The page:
The European Shadow Financial Regulatory Committee (ESFRC)
The ESFRC is a group of fifteen professors and other independent experts in the fields of banking, finance and the regulation of financial institutions and markets, drawn from across Europe. It is chaired by Harald Benink, who is a professor of finance at the Rotterdam School of Management of Erasmus University Rotterdam and who is a senior associate to the Financial Markets Group of the London School of Economics. The Committee meets three times each year to discuss issues in financial regulation and to deliver policy recommendations.
Following each meeting, the ESFRC issues a statement on a topical aspect of financial regulation. These are reproduced in full below.
About the Committee
Members of the Committee
The ESFRC consists of the following 15 members, coming from 11 European countries and from the United States:
- Harald Benink (Erasmus University, Rotterdam, The Netherlands & FMG/LSE)
- Tom Berglund (Swedish School of Economics and Business Administration, Helsinki, Finland)
- Christian de Boissieu (University of Paris I - Sorbonne, Paris, France)
- Franco Bruni (Bocconi University, Milan, Italy)
- Jordi Canals (IESE, Barcelona, Spain)
- Richard Dale (University of Southampton, United Kingdom)
- Philip Davis (Brunel University, London, United Kingdom & FMG/LSE)
- Hans Geiger (University of Zurich, Switzerland)
- Friedrich Kübler (Johann Wolfgang Goethe University & Clifford Chance, Frankfurt, Germany & University of Pennsylvania, Philadelphia, USA)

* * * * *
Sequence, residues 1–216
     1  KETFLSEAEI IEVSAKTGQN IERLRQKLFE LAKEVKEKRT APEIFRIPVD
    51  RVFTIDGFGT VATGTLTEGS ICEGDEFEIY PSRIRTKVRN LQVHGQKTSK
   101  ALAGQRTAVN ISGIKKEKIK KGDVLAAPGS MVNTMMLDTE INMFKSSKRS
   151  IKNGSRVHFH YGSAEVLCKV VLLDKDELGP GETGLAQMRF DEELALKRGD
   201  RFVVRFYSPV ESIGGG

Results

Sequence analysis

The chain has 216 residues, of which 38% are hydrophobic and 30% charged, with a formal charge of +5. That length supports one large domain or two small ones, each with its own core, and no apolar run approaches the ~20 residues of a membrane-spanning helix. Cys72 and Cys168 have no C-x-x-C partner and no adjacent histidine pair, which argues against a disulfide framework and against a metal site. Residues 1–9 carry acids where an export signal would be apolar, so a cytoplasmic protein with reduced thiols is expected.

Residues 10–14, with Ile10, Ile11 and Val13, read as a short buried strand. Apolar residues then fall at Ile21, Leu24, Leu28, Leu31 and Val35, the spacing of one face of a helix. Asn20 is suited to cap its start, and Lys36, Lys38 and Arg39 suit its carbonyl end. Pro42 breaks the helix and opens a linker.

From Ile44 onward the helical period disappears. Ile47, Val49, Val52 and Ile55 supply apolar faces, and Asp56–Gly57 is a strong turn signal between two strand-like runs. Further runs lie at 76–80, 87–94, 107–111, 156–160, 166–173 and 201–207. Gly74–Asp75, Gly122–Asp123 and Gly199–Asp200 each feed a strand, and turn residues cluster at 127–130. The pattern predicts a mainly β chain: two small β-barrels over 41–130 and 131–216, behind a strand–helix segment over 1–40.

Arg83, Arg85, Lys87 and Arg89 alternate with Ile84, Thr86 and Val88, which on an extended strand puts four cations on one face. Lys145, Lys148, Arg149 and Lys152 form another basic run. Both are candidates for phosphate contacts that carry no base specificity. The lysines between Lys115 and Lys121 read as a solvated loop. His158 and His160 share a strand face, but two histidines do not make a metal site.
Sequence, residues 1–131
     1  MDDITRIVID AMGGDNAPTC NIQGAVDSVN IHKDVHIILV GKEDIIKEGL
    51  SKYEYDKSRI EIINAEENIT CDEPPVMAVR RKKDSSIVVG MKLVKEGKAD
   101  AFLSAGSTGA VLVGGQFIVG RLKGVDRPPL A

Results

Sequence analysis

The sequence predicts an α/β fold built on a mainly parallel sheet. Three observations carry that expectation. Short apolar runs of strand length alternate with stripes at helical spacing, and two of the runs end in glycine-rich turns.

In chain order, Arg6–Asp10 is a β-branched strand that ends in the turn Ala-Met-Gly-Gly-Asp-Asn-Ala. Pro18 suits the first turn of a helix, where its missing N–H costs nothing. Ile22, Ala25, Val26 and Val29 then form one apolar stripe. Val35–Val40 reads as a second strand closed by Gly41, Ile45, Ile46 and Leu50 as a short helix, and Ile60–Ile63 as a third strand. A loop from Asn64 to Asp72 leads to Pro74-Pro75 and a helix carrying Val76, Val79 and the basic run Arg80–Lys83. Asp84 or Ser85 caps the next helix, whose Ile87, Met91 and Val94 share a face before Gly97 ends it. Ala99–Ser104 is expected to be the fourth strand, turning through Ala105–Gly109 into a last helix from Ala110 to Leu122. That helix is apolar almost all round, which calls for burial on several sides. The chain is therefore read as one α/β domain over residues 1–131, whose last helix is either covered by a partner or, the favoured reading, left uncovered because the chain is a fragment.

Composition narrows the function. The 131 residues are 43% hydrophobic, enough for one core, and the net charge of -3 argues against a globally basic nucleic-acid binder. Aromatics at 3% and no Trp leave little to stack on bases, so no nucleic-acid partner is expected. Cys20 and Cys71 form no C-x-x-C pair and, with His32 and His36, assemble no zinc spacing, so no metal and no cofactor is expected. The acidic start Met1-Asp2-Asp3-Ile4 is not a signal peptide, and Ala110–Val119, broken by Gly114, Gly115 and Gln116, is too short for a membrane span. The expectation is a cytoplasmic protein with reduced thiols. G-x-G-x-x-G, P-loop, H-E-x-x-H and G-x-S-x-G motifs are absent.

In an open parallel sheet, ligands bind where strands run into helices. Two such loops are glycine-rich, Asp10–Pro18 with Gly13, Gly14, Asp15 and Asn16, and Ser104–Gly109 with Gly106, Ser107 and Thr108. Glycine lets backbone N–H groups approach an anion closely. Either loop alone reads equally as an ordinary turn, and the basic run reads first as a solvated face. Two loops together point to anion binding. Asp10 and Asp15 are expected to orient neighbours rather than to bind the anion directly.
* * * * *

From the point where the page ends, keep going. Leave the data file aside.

- Karel Lannoo (Centre for European Policy Studies, Brussels, Belgium)
- Rosa Lastra (University of London, United Kingdom & FMG/LSE)
- Reinhard Schmidt (Johann Wolfgang Goethe University, Frankfurt, Germany)
- Benn Steil (Council on Foreign Relations, New York, USA)
- Niels Thygesen (University of Copenhagen, Denmark)
- Clas Wihlborg (Copenhagen Business School, Denmark & Gothenburg University, Sweden)
Independence of the Committee
The European Shadow Financial Regulatory Committee meets three times every year. The ‘shadow’ function of the ESFRC is related to the Committee’s purpose of following and analysing critically the existing and evolving regulatory framework for financial institutions and markets. Moreover, at the end of each meeting the ESFRC organises an international press conference during which a public statement is issued on topics discussed during its meeting. The Committee is fully independent of the providers, regulators and supervisors of financial services whose behaviour it aims to evaluate.
The independence of the ESFRC is also expressed by the fact that the Committee will not accept sponsoring by financial institutions and regulatory/supervisory authorities.
The analysis of the regulatory framework is based on existing and proposed European Union directives, national regulations, recommendations by international forums such as the Basel Committee and the Group of Thirty, and on relevant academic research in this field. Typically, the Committee tries to translate concepts drawn from academic literature into concrete policy recommendations with respect to certain subject areas. Topics to be covered by the ESFRC during the coming years could include: remaining barriers to the completion of the EU single market for financial services, guidelines for the design of financial services regulation, the pros and cons of universal banking and bancassurance, banks and derivatives, electronic payment services by non-banks, supervision of financial conglomerates and non-banks, supervision on a European level vs. home country control, capital requirements, and state ownership and/or support of financial institutions.